Rest in Peace, Peter Postlethwaite

Rest in Peace, Peter Postlethwaite

While looking up the schedule for this year’s new films (as I tend to do every January), I was sad to learn that Peter Postlethwaite, an actor I’ve admired over the years, passed away just last week on January 2, 2011. Apparently he’d been battling testicular cancer since 1990 and died of the disease after over twenty years of fighting.

Fans will remember the English actor from his long line of starring and supporting roles throughout the last three-plus decades. Most recently, those who saw the popular blockbuster movie Inception will recall him in his role as Maurice Fischer. He had two other roles in large movies in 2010, including playing Spyros in Clash of the Titans (perhaps the best played role in the film) and Fergie Colm in the creepy thriller, The Town.

But me, I’ll always remember him as one of those versatile, amazing character actors I love so much, up there with my other favorites—Vincent D’Onofrio, Geoffrey Rush, Paul Giamatti, Kevin Spacey, and Gary Oldman. He’s one of those guys that everyone wants in their movie (obviously!); he could bring a depth to any character; any minimal or two-dimensional role could come alive when played by Postlethwaite. Remember the priest in Baz Luhrmann’s Romeo + Juliet? (I realize many people hated that movie; I was quite in love with it upon its release—and continue to be with Luhrmann’s films.) The role itself wasn’t a phenomenal one; consult any text of Shakespeare’s to remember that. With Mr. Postlethwaite in the role, however, it easily rivaled the roles of the other legendary characters created by the Bard (perhaps even the epic Mercutio himself).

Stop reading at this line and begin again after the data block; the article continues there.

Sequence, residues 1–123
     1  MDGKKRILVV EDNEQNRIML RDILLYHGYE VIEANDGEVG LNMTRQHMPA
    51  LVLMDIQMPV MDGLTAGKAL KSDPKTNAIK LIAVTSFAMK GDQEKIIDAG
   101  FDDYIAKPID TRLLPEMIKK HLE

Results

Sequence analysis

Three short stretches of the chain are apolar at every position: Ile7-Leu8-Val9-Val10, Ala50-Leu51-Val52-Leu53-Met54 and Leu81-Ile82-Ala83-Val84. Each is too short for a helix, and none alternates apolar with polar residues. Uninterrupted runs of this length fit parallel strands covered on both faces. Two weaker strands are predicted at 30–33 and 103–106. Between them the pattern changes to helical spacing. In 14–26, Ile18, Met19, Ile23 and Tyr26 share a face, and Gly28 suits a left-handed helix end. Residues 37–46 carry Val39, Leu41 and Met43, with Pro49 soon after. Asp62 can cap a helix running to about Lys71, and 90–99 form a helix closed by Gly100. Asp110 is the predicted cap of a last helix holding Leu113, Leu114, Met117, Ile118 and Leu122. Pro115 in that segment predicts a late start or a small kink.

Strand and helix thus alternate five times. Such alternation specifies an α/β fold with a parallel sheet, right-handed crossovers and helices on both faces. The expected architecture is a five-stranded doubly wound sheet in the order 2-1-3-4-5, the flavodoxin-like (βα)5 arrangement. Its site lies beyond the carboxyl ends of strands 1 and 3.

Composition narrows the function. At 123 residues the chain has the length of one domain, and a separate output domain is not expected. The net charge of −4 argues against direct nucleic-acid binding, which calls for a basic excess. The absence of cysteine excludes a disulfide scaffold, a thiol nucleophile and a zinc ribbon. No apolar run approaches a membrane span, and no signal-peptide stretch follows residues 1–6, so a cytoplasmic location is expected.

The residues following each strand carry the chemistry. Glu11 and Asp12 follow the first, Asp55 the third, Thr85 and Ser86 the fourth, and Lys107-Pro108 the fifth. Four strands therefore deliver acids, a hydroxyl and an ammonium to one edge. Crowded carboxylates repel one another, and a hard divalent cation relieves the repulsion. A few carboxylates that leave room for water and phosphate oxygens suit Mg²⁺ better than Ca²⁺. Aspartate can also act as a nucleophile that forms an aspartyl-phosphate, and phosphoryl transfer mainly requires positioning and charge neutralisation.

Postlethwaite also received some critical acclaim in his life—including a well-deserved Academy Award nomination for his role in In the Name of the Father—but for the most part he wasn’t well lauded around the globe. In fact, I’m sure outside of England, if mentioned in conversation, many people wouldn’t know who you were talking about. My own husband couldn’t recall him by name when I mourned him upon learning of his death; of course, when I reminded him of a few of his roles, he too was saddened, remembering his favorite films of Postlethwaite’s (such as The Shipping News and The Constant Gardener).

Mr. Postlethwaite, actors of your caliber are hard to come by in these modern times, and you will be deeply missed. Thank you for your contribution to the arts throughout your life; you will also be well remembered.